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Lathan accuses Democrats of “abject partisanship” ahead of impeachment trial

Alabama Republican Party chair Terry Lathan denounced the impeachment trial of the former President as “abject partisanship.”

Then-President Donald Trump at the White House.

Democratic Speaker of the House Nancy Pelosi of California on Monday formally transmitted an article of impeachment to the U.S. Senate against former President Donald Trump, which charges the then-president with inciting a mob into a frenzy, resulting in their storming the U.S. Capitol Building.

Alabama Republican Party chair Terry Lathan denounced the impeachment trial of the former President as “abject partisanship:”

“This is the greatest display of abject partisanship by the Democrats I have ever witnessed during my political lifetime. During his Inaugural address, President Biden spoke repeatedly of the need to unite our country using ‘unity/uniting’ no fewer than nine times. He also pledged to ‘be a President for all Americans’. Today’s actions are the exact opposite of unity. His party’s persistence on their path of ‘Get Trump’ with the transmission of these irresponsible and false articles of impeachment against President Trump, now a private citizen, are an abuse of political power. Instead of showing us how he will work to heal our great nation and focus on the important issues we are facing, President Biden is playing second fiddle to Nancy Pelosi, Chuck Schumer and their ultra left-wing agenda. No evidence, no hearings, no nothing – just shameful political abuse of power.

“If President Biden doesn’t ask the Democrats to stand down and spend their time on serious issues facing the American people, his ‘unity’ plea is a complete farce. This obvious political vendetta will be met with fierce response in election booths across the nation in 2022. A reminder to them all that on November 3, 2020, there was a massive Republican wave across our country in U.S. House seats and state legislatures – and that was no accident. There are 75 million voters that will be loudly heard again in the U.S. House and Senate elections on our ballots if this type of deplorable behavior continues.”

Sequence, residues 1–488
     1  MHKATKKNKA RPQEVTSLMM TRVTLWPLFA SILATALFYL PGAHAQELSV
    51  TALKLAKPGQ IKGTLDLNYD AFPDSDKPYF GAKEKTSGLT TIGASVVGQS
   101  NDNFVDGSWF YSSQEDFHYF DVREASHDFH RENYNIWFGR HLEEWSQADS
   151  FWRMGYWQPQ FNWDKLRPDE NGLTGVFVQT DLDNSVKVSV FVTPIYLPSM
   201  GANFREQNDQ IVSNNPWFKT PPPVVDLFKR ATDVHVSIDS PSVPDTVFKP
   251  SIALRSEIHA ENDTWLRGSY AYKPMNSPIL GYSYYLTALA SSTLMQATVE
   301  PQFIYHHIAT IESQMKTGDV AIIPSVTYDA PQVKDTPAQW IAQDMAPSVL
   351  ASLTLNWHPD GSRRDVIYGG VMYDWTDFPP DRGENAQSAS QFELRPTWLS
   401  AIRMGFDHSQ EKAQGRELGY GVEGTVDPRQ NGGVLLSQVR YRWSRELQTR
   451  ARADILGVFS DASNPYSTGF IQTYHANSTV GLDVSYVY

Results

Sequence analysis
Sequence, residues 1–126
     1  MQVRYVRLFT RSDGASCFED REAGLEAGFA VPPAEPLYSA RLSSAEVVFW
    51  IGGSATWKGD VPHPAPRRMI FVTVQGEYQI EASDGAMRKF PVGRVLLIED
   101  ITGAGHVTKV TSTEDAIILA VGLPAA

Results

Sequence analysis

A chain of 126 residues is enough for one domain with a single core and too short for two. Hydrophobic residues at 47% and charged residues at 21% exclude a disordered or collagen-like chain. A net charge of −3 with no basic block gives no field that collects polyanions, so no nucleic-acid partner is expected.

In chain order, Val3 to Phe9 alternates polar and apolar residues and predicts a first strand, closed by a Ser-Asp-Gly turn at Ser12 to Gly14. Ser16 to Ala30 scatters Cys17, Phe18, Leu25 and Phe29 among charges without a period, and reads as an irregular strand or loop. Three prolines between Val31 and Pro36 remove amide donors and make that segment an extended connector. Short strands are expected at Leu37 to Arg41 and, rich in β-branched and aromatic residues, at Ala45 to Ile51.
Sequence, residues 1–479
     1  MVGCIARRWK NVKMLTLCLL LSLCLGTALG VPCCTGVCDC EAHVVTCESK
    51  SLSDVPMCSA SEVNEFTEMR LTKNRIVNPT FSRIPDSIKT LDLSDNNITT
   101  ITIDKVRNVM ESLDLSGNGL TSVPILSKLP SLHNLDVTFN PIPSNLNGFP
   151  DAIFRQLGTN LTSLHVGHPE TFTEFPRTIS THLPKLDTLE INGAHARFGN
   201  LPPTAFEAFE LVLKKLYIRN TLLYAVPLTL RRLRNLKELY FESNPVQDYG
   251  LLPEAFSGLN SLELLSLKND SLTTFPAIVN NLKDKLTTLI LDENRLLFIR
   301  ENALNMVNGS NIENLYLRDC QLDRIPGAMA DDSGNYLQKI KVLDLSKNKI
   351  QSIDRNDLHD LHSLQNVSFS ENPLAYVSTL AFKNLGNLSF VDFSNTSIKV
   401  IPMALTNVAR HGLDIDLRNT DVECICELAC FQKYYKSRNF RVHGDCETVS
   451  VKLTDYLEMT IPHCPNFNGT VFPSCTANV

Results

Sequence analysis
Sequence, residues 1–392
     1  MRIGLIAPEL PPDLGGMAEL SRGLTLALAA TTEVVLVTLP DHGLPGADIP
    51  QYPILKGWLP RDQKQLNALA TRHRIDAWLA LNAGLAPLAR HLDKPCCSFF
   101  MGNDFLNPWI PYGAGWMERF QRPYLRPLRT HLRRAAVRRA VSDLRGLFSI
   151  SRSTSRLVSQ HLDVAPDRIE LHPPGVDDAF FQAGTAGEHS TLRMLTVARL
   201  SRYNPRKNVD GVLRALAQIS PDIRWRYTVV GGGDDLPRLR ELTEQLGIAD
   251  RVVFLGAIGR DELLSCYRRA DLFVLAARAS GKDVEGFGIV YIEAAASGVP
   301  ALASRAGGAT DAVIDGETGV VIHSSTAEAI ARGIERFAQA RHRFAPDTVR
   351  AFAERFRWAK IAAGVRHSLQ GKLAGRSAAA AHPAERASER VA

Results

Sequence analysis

This will be the first time in American history that an impeachment trial will be held for an American president after he has left office. In 1974, President Richard Nixon, facing impeachment, resigned rather than becoming the second president in the history of the nation to be impeached.

The House halted impeachment proceedings and no Senate trial ever occurred. Since then, President Bill Clinton and Trump in 2019 were both impeached, but they, like Andrew Johnson, were not convicted by the Senate.

Trump is already the first president in American history to be impeached twice. The Senate impeachment trial will be in February. House prosecutors hope that if Trump is found guilty by the Senate, then they will vote to bar Trump from running for president again in 2024.

Since this has never been done before in the nation’s history, scholars are divided on whether the Senate has the constitutional authority to bar a former president from running for office again.

Brandon Moseley is a former reporter at the Alabama Political Reporter.

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